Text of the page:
Good Governance As Panacea For Insecurity, Instability In Nigeria, Africa

“Good governance is the process of measuring how public institutions conduct public affairs and manage public resources and guarantee the realization of human rights in a manner essentially free of abuse and corruption and with due regard for the rule of law.

“The concept of “good governance” thus emerges as a model to compare ineffective economies or political bodies with viable economies and political bodies.

“The concept centers on the responsibility of governments and governing bodies to meet the needs of the masses as opposed to select groups in society” (Wikipedia)

There is no gainsaying the fact that the African continent is currently grappling with challenges of insecurity, occasioned by terrorism, insurgency, banditry, kidnapping, thuggery, armed robbery, separatist agitation, and the like.

Apart from insecurity, the region is being confronted with the rising incident of coups d’etat, which culminate in instability, and turmoil, thereby leaving the entity worse than it was before.

If anything, the development has continued to impact negatively on the socio-economic and political well-being of the continent. Suffice to say that it is deeming the light on the potential of the “bloc” to deliver optimally on her social contract with the people.

INSECURITY: NIGERIA AS A CASE STUDY:

This albatross can be better appreciated when viewed against the backdrop of the fourteen-year insurgency in the North East, which has crippled the economy of the general area (literally speaking), leaving in the trail humanitarian crisis of mammoth dimension. Many have described the situation in the North East as an “existential threat”.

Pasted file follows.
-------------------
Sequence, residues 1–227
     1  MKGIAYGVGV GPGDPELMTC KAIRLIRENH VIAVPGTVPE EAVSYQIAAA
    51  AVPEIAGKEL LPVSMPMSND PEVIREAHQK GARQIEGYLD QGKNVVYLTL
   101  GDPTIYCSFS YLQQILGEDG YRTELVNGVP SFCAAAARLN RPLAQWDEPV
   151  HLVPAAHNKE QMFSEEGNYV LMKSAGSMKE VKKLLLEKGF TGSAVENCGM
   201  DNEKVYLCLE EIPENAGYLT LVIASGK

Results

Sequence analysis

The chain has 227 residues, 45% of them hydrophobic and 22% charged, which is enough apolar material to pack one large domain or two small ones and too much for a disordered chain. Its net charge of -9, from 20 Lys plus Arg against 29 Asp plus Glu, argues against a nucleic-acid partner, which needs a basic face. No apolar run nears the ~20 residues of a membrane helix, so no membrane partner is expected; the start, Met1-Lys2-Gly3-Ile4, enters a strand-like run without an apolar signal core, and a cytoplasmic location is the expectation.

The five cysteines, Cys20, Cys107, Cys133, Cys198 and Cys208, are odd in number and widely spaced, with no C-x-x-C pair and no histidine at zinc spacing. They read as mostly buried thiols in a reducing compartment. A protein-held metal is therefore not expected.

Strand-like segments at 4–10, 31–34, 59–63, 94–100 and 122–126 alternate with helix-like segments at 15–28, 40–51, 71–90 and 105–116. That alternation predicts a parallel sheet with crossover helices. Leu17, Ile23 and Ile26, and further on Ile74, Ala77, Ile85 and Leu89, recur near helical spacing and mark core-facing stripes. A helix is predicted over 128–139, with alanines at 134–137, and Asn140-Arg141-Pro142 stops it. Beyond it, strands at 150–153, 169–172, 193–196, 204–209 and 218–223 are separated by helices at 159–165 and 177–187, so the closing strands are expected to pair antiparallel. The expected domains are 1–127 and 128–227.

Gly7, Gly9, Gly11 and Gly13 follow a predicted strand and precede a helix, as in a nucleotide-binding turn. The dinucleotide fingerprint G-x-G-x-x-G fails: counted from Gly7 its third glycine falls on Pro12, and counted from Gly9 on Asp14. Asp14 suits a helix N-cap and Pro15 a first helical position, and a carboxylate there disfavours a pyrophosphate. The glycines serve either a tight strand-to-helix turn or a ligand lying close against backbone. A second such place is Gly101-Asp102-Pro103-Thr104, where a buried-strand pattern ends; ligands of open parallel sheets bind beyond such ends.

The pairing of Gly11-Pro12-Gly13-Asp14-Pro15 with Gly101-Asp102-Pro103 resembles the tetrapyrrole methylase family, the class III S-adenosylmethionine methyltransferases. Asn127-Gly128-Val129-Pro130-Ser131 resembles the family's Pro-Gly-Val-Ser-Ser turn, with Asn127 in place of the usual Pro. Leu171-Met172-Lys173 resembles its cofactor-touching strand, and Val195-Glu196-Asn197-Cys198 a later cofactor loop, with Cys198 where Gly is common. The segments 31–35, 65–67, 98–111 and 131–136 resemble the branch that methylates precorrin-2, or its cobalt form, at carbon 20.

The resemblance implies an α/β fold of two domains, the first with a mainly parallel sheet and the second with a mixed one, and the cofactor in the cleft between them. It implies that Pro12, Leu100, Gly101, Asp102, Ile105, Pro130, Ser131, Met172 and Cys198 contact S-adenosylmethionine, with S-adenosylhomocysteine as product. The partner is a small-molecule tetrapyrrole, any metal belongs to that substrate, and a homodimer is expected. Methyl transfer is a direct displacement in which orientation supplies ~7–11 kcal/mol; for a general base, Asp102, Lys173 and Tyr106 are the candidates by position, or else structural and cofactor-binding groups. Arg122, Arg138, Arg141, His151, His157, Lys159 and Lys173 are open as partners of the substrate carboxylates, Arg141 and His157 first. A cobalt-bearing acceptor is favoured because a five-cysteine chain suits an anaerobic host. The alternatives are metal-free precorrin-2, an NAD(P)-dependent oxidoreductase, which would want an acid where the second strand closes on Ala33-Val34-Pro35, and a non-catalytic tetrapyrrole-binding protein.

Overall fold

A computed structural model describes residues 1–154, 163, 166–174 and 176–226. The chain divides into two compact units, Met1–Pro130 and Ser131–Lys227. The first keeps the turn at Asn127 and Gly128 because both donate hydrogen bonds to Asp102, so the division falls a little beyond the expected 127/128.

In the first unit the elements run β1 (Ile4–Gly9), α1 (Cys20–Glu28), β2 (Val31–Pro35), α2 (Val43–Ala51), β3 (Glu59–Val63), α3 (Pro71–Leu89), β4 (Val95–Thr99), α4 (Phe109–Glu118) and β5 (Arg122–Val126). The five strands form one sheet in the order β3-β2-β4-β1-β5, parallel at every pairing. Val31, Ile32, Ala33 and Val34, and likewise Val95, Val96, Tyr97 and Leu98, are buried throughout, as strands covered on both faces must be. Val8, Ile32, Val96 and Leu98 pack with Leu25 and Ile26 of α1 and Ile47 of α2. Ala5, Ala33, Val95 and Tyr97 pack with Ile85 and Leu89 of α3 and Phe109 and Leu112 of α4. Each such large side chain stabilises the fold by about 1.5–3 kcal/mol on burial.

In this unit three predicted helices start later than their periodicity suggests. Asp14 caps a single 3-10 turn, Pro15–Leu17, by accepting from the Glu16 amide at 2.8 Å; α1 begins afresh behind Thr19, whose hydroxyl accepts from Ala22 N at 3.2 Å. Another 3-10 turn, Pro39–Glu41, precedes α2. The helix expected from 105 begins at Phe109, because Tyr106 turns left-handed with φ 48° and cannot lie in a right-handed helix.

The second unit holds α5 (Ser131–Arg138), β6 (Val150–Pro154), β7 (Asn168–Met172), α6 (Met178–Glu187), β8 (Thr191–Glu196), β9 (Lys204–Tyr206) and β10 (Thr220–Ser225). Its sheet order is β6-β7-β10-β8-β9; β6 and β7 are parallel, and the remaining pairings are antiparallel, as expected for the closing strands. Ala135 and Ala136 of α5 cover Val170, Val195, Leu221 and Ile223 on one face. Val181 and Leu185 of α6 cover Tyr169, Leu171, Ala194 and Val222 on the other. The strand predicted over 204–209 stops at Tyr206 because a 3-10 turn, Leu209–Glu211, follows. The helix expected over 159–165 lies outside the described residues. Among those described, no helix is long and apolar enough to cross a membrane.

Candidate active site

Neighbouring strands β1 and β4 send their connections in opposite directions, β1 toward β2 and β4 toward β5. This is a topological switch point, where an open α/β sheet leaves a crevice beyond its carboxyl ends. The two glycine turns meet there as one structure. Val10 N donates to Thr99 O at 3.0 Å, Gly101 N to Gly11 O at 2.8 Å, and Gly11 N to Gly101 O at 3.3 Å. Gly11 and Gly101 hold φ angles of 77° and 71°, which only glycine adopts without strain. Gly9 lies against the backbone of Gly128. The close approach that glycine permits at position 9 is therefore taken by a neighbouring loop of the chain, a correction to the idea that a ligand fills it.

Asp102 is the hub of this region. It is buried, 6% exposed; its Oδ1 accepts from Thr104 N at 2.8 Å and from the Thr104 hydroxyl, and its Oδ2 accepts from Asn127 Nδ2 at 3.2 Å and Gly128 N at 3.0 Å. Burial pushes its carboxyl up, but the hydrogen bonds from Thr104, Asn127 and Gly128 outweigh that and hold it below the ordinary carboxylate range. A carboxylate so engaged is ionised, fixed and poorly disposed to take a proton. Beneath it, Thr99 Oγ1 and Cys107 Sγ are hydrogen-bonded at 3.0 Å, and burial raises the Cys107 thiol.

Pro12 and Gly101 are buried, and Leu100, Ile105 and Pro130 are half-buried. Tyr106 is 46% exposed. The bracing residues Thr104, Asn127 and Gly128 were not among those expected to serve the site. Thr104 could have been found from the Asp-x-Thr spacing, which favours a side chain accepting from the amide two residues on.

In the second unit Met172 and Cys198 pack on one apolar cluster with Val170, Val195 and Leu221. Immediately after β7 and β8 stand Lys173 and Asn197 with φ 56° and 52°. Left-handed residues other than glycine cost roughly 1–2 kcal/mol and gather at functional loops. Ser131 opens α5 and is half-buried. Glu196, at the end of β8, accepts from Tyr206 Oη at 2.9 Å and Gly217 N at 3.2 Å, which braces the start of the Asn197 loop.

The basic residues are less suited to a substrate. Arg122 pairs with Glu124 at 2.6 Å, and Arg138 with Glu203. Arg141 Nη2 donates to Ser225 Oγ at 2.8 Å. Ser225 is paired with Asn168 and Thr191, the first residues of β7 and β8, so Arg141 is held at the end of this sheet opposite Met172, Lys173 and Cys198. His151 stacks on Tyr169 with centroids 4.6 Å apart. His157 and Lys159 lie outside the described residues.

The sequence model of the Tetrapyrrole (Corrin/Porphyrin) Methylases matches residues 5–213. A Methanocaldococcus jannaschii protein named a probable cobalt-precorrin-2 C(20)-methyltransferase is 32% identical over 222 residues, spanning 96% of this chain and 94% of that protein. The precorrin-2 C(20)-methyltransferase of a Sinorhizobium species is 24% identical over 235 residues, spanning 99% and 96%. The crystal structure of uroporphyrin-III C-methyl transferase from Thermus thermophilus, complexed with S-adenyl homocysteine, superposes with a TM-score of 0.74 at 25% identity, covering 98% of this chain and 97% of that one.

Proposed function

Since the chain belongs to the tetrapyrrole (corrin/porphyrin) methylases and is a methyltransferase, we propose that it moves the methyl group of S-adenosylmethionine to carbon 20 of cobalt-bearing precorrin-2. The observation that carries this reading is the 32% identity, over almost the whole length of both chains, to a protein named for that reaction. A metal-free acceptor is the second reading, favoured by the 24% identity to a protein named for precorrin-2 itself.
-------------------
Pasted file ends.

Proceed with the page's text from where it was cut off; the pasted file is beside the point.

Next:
Across the country, insecurity has continued to manifest in different forms, the consequence of which has denied the ordinary Nigerians the much-expected dividend of democracy; good roads, cottage industries, affordable healthcare, and investment opportunities among others.

Only recently, the Nigeria Security Tracker (NST), a Council on Foreign Relations (CFR)-powered project of the United States (US) made a startling revelation to the effect that activities of violent non-state actors had resulted in the deaths of at least 5,222 people across the country. It said the killings happened between January and June 2022.

The tracker, however, disclosed that there was a decline of 655 violent killing cases from 5,877 recorded within the same timeframe in 2021.

It explained that The figures were obtained from the official website of the council, a Washington-based think-tank, showing ambivalent movement in the trajectories of armed violence and its consequences across all the states of the federation.

Specifically, NST tracks violence symptomatic of Nigeria’s political instability and citizen alienation. The data are based on weekly surveys of local and international media.